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Event Location and Vagueness

Varzi, Achille C.

That our event talk is vague is no news. Unlike facts, events are particulars located in space and time. But in ordinary circumstances it is utterly difficult, if not impossible, to specify the exact extent of the relevant spatiotemporal location. We say that Brutus stabbed Caesar and we intend to refer to an event — Brutus’s stabbing of Caesar—that took place at a certain time in a certain place. It took place in the Senate (not in the Coliseum) during the Ides of March (not April) in Rome, 44 BC. But where exactly in the Senate did this event take place? Did it spread only through Brutus and Caesar? Did it spread through their entire bodies? (Was Brutus’s left ear involved at all in this event?) Did it also spread through some space between them? Through what portion of space? And when exactly on March 15 did the killing begin? When exactly did it end? We don’t think the difficulty here is purely epistemic, as if it were just a matter of ignoring the facts. It’s not that there is this event, Brutus’s killing of Caesar, that has perfectly precise and yet unknown spatiotemporal boundaries, boundaries that historians have not been able (and will never be able) to locate.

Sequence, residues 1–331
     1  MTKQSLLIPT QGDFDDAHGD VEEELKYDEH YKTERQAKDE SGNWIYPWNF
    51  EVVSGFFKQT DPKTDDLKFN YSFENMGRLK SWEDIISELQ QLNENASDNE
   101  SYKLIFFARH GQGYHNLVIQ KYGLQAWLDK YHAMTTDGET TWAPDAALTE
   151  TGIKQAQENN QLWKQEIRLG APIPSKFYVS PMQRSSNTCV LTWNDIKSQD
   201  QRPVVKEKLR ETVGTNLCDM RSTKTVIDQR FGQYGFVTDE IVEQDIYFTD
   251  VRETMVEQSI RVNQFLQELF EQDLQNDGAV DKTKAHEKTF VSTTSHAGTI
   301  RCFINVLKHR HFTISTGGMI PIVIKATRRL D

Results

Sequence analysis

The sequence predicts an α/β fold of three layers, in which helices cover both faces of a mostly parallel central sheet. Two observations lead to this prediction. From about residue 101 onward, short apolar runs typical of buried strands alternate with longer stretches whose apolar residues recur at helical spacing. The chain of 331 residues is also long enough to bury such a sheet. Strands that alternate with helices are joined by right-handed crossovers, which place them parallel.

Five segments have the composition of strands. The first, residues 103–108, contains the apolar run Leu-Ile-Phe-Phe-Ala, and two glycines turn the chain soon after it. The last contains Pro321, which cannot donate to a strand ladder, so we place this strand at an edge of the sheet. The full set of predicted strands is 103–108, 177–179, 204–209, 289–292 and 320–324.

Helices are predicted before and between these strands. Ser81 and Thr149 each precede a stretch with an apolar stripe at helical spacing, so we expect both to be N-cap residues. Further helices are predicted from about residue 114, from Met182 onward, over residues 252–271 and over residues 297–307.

It’s not that such events as the industrial revolution, the discovery of penicillin, or World War II have precise and unknown spatiotemporal boundaries whose location eschews us. The indeterminacy here is not epistemic, or so we claim. Does it follow that the indeterminacy is ontological—that events such as these have fuzzy spatial or temporal boundaries? We don’t think so, either.

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Philosophical Studies
DOI
https://doi.org/10.1007/s11098-004-7807-0

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Academic Units
Philosophy
Published Here
November 24, 2014